Wednesday, July 2, 2008

Around the World on a Bicycle

To those who insist our cycling journey through Eastern Europe is nuts, I recite in our defense the extraordinary book by Thomas Stevens, Around the World on a Bicycle, published in 1887!

The title is a slight exaggeration. Mr. Stevens -- who rode that wacky contraption with the gigantic front wheel -- did not actually ride all the way around the world. He walked part of it, and skipped part. But I'll give him the title.

Born in Britain, Stevens came to Missouri with his family and worked as a miner and mill worker. Somehow he formed a desire to ride around the world on one of those new-fangled bicycle things and bought one for $110, a hefty sum in those days. He left from San Francisco, traveling east, and crossed the United States in a summer. The following year, having prudently used a ship to get to England, he cycled across England, Europe, and through Turkey, and India. Tired yet?

The farther east he traveled, the greater the novelty of his bicycle. He attracted larger and larger crowds. In Calcutta, Stevens decided to bypass Burma and Southeast Asia, hopping another ship to Hong Kong. He then pedaled to Shanghai. Another ship brought him to Japan, where he rode from Nagasaki to Tokyo, and finally back home.

Stevens has it all over us on some points. First, he went a lot farther. Second, the roads were so bad that he carried and walked his cycle a lot. Indeed, he developed a method of crossing small streams by placing the cycle in the center, bracing his hands on the machine, and vaulting over the water. Third, I think our machines are better designed. Stevens cheerily records a number of occasions on which he took a "header" over the handlebars of his ungainly craft, referred to as a "high wheel" or "penny farthing." Ouch. Also, Stevens carried a pistol at all times, blazing away at passing wildlife. Though he faced some very ticklish threats from the local people in several places in Asia, he never resorted to gunplay. He figured it would only slow down his journey.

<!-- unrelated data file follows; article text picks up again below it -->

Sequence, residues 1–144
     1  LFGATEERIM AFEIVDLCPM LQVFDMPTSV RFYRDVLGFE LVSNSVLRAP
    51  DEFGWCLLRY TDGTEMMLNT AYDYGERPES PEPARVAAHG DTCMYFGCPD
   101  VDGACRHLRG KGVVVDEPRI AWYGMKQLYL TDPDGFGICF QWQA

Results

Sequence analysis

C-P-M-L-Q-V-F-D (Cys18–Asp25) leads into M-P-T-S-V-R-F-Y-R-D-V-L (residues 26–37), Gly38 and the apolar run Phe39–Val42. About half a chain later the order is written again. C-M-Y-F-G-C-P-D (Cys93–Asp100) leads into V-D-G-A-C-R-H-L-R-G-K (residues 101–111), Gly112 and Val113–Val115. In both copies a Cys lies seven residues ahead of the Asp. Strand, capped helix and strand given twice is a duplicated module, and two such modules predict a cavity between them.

We're hoping to do as well as Stevens did in finding gracious hosts, shelter, and adequate food.

And we are, I must admit, hoping to produce a better book after the ride. I have been slogging through Stevens' tome for some time -- while reading other things, as is my pattern -- and am up to p. 156 (Hungary) out of 470. The prose does not sing. He adopts a bantering, matey, generally patronizing tone about the quaint locals and scenes he encounters. The tone, in short, is entirely tedious and undermines even potentially charming scenes.

Still, there are nuggets in the book, such as his ride through the Hungarian countryside with "Igali," with whom he takes turns whistling "Yankee Doodle" and the Hungarian national anthem, occasionally inserting "God Save the Queen" and "Britannia Rules the Waves" in response to Igali's "Marseillaise." Maybe we'll run into Igali's great-great-granddaughter.

The spirit of Stevens still lives. Lining up for a parade this spring -- when you're married to a public official you get a convertible so you can drive her through parades -- a squad of "high wheel" cyclists gathered. I sauntered over and mentioned that I was reading about a guy who rode one of those things around the world. "Oh, yeah," one said, "Thomas Stevens."

Heckuva guy.
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